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Editorial: Delaying the inevitable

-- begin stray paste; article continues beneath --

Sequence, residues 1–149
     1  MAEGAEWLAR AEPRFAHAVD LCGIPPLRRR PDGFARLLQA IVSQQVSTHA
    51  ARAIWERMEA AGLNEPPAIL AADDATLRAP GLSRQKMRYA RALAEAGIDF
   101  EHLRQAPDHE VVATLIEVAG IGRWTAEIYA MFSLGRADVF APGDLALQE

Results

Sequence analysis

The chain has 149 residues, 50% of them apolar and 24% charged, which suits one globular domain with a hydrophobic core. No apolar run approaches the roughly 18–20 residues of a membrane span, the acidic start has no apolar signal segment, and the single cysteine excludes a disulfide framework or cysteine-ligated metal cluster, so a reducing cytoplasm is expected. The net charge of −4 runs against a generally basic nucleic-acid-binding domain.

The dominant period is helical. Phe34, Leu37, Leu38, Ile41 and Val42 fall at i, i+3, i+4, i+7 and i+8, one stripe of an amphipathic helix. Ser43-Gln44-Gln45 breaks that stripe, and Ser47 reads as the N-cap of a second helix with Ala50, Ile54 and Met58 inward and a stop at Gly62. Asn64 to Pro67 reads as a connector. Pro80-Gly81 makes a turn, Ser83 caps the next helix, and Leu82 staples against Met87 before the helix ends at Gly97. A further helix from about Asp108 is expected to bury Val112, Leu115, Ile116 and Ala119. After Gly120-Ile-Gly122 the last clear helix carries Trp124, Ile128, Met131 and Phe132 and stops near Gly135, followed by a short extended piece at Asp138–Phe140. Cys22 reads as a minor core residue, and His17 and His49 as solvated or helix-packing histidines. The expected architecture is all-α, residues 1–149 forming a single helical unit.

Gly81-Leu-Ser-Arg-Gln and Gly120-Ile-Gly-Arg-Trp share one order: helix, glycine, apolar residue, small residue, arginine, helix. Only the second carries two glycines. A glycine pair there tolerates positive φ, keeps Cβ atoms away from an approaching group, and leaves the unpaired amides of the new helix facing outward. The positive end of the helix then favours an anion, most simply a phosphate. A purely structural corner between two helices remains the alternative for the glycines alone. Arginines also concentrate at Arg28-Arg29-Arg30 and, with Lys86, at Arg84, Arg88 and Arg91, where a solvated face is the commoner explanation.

The Afghan presidential saga continues to disrupt the political and economic state of affairs of the country, besides spilling over into the peace process. Given the impasse among the feuding leaders – President Ashraf Ghani and self-proclaimed president of ‘inclusive government’ Abdullah Abdullah – the political elite have taken it upon themselves to mediate and conciliate them. In addition to some Wolesi Jirga members, ex-president Hamid Karzai, religious scholar Abdul Rab Rasoul Sayyaf, former speaker Yunus Qanuni and Karim Khalili feel the need to resolve the differences between the twin presidents who have locked horns over assuming the mantle of the presidency since weeks. In a recent development, a joint statement by these politicos called on President Ghani to halt appointments – something that was accepted. As suggested by the political leaders, a presidential spokesperson announced Ghani’s decision to postpone the nomination of new Cabinet members for five days in order to pave the way for ending the political deadlock. Meanwhile, the same statement had asked Abdullah to extend his ‘ultimatum’ – through which he was supposed to introduce his cabinet as well – for a political settlement to be reached. Although these moves seemingly promise to be indications of progress and future political stability in the country, it is, in fact, not as such. The Afghan masses have the experience of witnessing the fiascoes of a government controlled by two reins over the past five years and they don’t want its repetition. Nevertheless, resolving the political deadlock through none other than power-sharing has currently turned into a ‘general call’ of all parties – we see how insistently the international community and the US demand inclusive government. One would say wise counsel is prevailing among the twin presidents as they have compromised a bit but in reality, they have no other choice but to come together now – even if it comes at a price of losing electoral legitimacy or means the demise of democracy in Afghanistan for that matter. Under the guise of starting or ceasing appointments and giving ultimatums, these leaders are only temporarily delaying the inevitable, which is agreeing on the same old, same old power-sharing deal to satiate their thirst for power. Sadly, they act as such by claiming to be protecting and defending the rights and demands of the Afghan masses while promoting their own disguised personal interests. These leaders are postponing another ‘national unity government’ merely for the purpose of finding justifications for their actions; lest they forget, the Afghan people recognize what’s cooking behind the scenes now.

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